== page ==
“(We had to ensure) that it wasn’t pan-Indigneous,” Robinson said. “One size fits all wasn’t going to work so that was really important.”
The inquiry was a massive undertaking, spanning each region of the country.
The national inquiry held 15 public community hearings, and visited each of Canada’s northern territories: Yukon in the northwest, the Northwest Territories, and Canada’s eastern Arctic territory of Nunavut. The MMWIG commissioners heard 1484 testimonies from families and survivors during this period of the inquiry. Separate hearings were also held to hear testimony from people working in institutions and from elders, academics, front-line workers and specialists.
When the report was released on June 3, there were 46 Inuit-specific recommendations, referred to as ‘calls for justice,’ that included everything from the need for better mental health services in the Arctic to the need for urgent action on the housing crisis.
“The Inuit women’s experience – it was expressed in the Inuit way with our concepts,” said Koperqualuk. “Writing research and science has always belonged to another group of people who said what it was for us. But we said what it is with our concepts and way of thinking, this is a very positive aspect of this inquiry. It really took the Indigenous perspective to heart.”
The panelists also addressed the months of criticism the inquiry was often under for everything from a series of resignations to its mandate to conclusions in the final report, reactions Robinson described as “violently defensive.”
But the panelists said focusing on the families helped them cope with the public pressure.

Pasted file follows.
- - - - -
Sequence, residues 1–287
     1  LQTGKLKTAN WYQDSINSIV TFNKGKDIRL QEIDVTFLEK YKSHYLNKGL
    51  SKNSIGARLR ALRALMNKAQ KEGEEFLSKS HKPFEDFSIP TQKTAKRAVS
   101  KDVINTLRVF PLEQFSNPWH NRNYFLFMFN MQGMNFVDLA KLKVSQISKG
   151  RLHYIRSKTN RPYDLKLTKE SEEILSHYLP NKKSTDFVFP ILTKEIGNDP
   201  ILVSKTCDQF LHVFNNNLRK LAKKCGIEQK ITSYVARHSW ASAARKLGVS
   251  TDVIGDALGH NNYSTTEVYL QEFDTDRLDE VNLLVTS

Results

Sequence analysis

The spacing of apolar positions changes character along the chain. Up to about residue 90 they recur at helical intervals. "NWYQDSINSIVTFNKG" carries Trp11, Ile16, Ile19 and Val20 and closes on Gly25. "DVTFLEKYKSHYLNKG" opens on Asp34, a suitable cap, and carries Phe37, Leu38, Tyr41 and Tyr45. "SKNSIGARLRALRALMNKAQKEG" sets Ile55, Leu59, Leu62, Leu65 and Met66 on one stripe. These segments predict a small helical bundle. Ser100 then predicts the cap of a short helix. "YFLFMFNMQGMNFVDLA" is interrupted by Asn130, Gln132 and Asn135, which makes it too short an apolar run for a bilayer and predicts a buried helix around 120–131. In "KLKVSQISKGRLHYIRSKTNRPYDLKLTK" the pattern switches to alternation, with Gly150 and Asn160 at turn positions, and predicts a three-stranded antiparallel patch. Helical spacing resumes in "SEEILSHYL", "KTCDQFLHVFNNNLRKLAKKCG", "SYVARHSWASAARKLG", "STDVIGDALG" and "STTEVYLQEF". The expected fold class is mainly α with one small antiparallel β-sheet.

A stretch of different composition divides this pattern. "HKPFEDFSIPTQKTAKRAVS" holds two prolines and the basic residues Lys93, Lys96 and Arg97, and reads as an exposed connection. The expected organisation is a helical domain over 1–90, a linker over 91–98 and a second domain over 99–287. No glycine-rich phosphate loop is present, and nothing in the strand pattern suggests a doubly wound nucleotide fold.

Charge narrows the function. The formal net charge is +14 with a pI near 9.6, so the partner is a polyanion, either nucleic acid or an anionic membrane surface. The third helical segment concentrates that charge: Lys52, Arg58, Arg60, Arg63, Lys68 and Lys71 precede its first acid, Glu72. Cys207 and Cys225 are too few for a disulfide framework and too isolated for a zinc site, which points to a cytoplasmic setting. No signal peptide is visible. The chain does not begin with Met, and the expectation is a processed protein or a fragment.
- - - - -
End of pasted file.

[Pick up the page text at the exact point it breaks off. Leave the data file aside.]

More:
“All the criticism taking place, we had to keep families first with cultural protocols in place otherwise shambles would follow us,” said Okalik.
“That helped us do the work we needed to do, to comply with the Inuit traditions to do what we needed to do.”
Importance for survivors and their families
Harriet Lampe spoke at the inquiry when it went to Happy-Valley – Goose Bay in Newfoundland and Labrador. She said it was a profound experience for her testifying about the life and death of her 20 -year-old daughter Kimberley Jararuse, who was killed by an abusive partner.
“This was so important for Inuit in Canada because (the inquiry) validated everything we’ve been through,” Lampe told Eye on the Arctic at the conference. “It highlighted the seriousness of everything we’d been through and showed Canada that (violence against Indigenous women) is a systemic issue, these systems are affecting us, and what’s needed to change.”
The Inuit Studies Conference runs until October 6. Sessions are taking place at various locations in downtown Montreal.
Write to Eilís Quinn at eilis.quinn(at)cbc.ca
Related stories from around the North:
Finland: Swedish-speaking Finnish women launch their own #metoo campaign, Yle News
Sweden: Report sheds light on Swedish minority’s historic mistreatment, Radio Sweden
United States: Alaska reckons with missing data on murdered Indigenous women, Alaska Public Media